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Oh, where are you digging a hole to ...China?
Oh, where are you digging a hole to ...China?
You know when you’re four years old and playing in that plastic three-by-five foot yellow and blue sandbox in the backyard? Your parents are sitting there watching you dig a tiny hole in one of the corners and they jokingly ask, “Oh, where are you digging a hole to? China?!” Yeah, the old “China hole” joke.
We’ve all heard it a few times in our day. But what exactly is the origin of humor in that so-called “joke”?
Well, when you consider that there is 7,000 miles of nothing but land, water and blue sky separating U.S.’s east coast and Beijing, only reachable by a plane ride just shy of 14 hours, the concept of this foreign land which goes by the name of “China” almost seems comical.
At least that’s how I felt weeks before our little tribe of 12 Bloomsburg students hopped on a plane and flew to China’s capital, with the goal of taking a few courses to improve our Chinese (or in some cases, to begin learning the language altogether) and to discover the pleasures of a different culture, which is nearly always a remarkable experience and, in many ways, self-satisfying.
So on the morning of June 30 we said our good-byes to the good, old U.S. of A and “Ni hao!” to China with all the same hopes and desires: to get lost in a new and exciting world, and, hopefully, to do a little personal growing. At least that’s what I like to think anyway.
Who Needs A Fork?
General Tso’s Chicken, Lo Mein, pork fried rice, cheese fried wontons. Yum! There’s nothing like a take-out Styrofoam container of American Chinese cuisine — emphasis on the American.
Now, it was no surprise to me that the food in Beijing was more authentic than in the States… I’d be worried if it weren’t! However, what did surprise me was that I actually liked this authentic Chinese food!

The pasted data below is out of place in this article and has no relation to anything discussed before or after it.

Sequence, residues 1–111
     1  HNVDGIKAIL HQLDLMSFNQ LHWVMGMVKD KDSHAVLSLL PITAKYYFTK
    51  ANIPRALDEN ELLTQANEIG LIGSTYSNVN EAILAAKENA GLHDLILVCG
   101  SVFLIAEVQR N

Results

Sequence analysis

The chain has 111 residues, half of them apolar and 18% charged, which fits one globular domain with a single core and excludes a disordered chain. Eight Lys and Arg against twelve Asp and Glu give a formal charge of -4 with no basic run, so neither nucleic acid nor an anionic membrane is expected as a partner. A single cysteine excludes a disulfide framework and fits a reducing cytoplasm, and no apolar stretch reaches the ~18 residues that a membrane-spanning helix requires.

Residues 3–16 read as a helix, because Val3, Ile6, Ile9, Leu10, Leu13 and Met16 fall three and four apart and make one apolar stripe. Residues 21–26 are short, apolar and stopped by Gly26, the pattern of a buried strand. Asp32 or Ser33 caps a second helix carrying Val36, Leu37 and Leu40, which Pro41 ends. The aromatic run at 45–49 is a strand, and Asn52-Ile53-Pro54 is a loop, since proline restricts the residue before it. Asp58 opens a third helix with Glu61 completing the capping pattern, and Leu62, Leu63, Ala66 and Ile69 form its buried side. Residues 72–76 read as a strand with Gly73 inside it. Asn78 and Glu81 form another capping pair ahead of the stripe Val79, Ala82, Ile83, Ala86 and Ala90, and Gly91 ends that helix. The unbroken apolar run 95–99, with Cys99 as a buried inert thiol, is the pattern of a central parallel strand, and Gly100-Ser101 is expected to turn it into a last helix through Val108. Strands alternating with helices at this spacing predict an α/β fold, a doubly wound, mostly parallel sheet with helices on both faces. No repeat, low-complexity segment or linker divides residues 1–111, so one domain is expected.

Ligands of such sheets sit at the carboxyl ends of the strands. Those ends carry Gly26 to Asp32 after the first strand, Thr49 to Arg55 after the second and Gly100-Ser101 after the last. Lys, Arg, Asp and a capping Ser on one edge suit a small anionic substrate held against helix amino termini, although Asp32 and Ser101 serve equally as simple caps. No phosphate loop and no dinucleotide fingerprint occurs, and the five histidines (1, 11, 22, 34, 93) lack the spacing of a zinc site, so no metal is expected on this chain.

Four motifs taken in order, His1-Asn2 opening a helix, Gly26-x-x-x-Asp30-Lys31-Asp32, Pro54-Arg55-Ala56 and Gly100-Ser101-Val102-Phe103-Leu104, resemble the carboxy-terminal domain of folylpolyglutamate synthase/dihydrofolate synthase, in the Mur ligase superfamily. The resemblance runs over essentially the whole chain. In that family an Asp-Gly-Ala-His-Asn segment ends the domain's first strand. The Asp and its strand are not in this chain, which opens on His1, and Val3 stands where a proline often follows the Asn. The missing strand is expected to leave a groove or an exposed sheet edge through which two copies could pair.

Unlike the food in America, true Chinese cuisine puts a much greater emphasis on veggies. Like Americans, the Chinese are big meat lovers — not so convenient for a person who does not eat meat.
Another big difference of dining in China is that instead of ordering individual meals, it is common for a party to share dishes. At restaurants you’ll find large, circular, glass plates on tabletops. The dishes of food are then simply set on the glass plates, which spin in order to accommodate everyone seated at the table. Then, everyone just goes at it with his or her chopsticks. No serving utensils needed here! Sticking your personal fork or spoon into the serving dish is generally a big “no, no” for me, but I don’t seem to mind it here. I suppose living in a foreign country for a month is bringing out the real risk-taker in me!
Sometimes It’s Okay to Judge Others
I studied Chinese for four semesters at Bloomsburg. I technically have a minor in the darn language and I’m delighted to even exchange a simple greeting with a native speaker.
There’s no doubt that Chinese is a tough, tough language. And I know all us Americans tend to think that the rest of the world can speak English. Not only is it inconsiderate to visit a foreign country and expect its people to speak YOUR language in order to convenience you, but it’s as simple as this: not everyone speaks English!
Let me just recount a little incident that could have easily turned out to be quite embarrassing, if my very non-Asian friend didn’t love studying Chinese so much.